By: Coach Paul Ozier
Train to Win
I hope everyone is staying motivated and thinking about the upcoming season. Last year has come and gone. How was it for you? Did you meet your objectives? Think back about your best performance, or your worst. What could have been different? Not just in that particular event, but what could you have done differently to have a better result before the event? If you won your event, well I guess you are pretty happy. If the event had a less than expected result, what was the cause? Do you need a stronger and faster sprint, higher FTP, better VO2Max, or better race tactics? Let’s talk about a key point that a lot of riders miss in training; race tactics. We all go out and perform our intervals, long rides, and whatever else we are told to do by our coach, team mates, or whomever is directing you toward that path to glory. In my years of coaching and racing I have seen time after time that the rider with the most horsepower does not always see the results that the training numbers show he/she should receive. How many times do you go out and practice winning a race? How many times do you go out and train to win? What data do you look at to see how you performed and why you just could not pull off the race results you hoped for? Personally I upgraded to category II and I am definitely not the strongest rider around. Race smarts, experience, and having a game plan (and goal) was my key.
Some race tactics that are often overlooked are cadence, and conservation of energy.
Do you know your competition?
If you have trained all year and timed everything just right for your A event of the year, then you will most likely be feeling very good on the bike. You will feel like you are unstoppable. You may feel like hammering away to show everyone you are king. However, the only time you can claim the title of king is when you are standing on the top spot of the podium. Your A event is not the time to make senseless attacks or efforts. The thing to do today is know your competition, conserve and let other riders make the unsuccessful attacks and moves. Why waste all your training on showing off today. How many times have you seen the race come back together in the final few miles? You need to stay in the shelter of the peloton as much as possible, this is your A event and what matters most is achieving the goal you set for yourself months earlier. Save your legs for when things really start to heat up, like the last break away with 10km to go, for the final climb before the finish, whatever you have determined to be the deciding moment! Many riders that did the earlier work, attacks, moves, will fall by the wayside. If you know the competition, and you should, after all this is your A event, keep an eye on the riders that have a history of placing well or better yet, try to learn why they are racing today (what is their goal?). Watch the riders that always seem to make moves that stick. These are the ones that you will need to go with if an early move is made. Do you know the racecourse? Is the course one that always ends in a field sprint, or is it the course that has that key 1km climb, 5km from the end? Plan for the race, make a game plan and stick to it as much as possible. Game plans are great, but sometimes you have to be aware that the plan needs to be adjusted slightly if circumstances warrant. Think, be smart, and do not react senselessly. This is a race and things most likely will be unpredictable. Be aware of the environment around you; wind, course conditions, road surface, other riders, cars/traffic, etc.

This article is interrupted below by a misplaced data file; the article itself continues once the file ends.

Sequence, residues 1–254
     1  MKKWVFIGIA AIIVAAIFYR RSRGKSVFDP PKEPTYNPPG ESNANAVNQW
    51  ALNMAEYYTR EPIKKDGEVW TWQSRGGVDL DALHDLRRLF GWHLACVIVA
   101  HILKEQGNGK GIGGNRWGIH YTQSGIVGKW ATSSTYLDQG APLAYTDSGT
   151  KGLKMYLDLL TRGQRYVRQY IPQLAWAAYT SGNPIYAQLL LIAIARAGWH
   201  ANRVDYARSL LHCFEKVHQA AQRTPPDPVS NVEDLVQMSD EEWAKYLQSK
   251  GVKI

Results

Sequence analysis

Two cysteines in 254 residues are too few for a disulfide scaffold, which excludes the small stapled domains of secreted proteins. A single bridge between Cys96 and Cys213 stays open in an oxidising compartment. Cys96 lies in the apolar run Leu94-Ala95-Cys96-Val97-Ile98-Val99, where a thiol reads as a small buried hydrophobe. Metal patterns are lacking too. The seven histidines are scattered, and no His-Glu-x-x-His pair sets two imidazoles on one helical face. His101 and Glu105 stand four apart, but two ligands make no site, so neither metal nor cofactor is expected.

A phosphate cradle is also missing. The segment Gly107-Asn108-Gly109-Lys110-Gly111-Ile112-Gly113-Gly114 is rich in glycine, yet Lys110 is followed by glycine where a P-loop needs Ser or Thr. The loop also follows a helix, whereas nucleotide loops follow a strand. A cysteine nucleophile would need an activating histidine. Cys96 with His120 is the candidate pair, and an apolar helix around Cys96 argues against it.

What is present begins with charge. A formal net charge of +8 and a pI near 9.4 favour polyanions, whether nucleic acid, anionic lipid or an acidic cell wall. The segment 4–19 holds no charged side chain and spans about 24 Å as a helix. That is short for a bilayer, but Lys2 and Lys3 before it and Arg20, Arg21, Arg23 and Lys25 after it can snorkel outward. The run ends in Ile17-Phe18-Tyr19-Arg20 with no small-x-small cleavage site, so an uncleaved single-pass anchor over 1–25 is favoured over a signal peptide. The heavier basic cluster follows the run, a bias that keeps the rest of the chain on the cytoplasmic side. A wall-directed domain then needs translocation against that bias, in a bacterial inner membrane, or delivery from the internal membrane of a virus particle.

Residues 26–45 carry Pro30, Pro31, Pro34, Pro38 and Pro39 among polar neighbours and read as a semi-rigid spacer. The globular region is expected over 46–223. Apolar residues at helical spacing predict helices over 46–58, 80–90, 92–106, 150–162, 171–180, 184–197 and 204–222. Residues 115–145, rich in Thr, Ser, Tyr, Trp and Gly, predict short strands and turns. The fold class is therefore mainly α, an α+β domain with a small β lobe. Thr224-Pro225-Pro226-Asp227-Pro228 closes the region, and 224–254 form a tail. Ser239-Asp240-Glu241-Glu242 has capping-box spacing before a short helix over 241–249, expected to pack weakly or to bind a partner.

Know “Your” Cadence
Cadence is something I will touch on briefly. Research with your coach all of your racing and the key training files and compare cadence in training to cadence in racing. So many times I see riders train at X watts and Y cadence. In a race they still race at about X watts, but the cadence is higher than in training. This excessive cadence variation if not trained can cause a higher respiratory rate, increased heart rate, a higher perceived exertion (and this is one I have heard many times destroyed the riders mental focus), and a different level of fatigue that many times spits a rider out the back. Key here is to know “your” cadence and stick to it in training and racing. Watch cadence in a race just like you watch watts and heart rate. If race data shows you always exceed training cadence by 10 or 15 rpm during a 30 second blast out of a corner, or a 2 minute effort to close a gap in a criterium, then you would benefit greatly by training at a similar cadence and power as you plan for your racing block. We must prepare the body for the demands of racing, while in training.
What is it going to take?
Now is the time to look back and educate yourself about the previous race season and get a grip on what you need to be doing right now so that this year coming up has a happier ending. Now is not necessarily the time to do only months of long, slow, and easy riding. The fall and winter hold the keys to a successful race season ahead. Now is the most important time to work properly to move to the next level in the coming year. What must you do to
make the coming season a success?
Paul Ozier is an Elite/Master Level coach for PCG. He is a USA Cycling Level I Coach, and TrainingPeaks certified. Paul has been with Peaks Coaching Group from the beginning of the early 90s when he started getting coached by Hunter himself. About 10 years later he became a certified coach and started coaching for PCG. He has a background in road racing, mountain bike racing, Zwift, Gran Fondos, and gravel racing as well. Paul’s goal is to make your goal possible, no matter what the cycling path you take.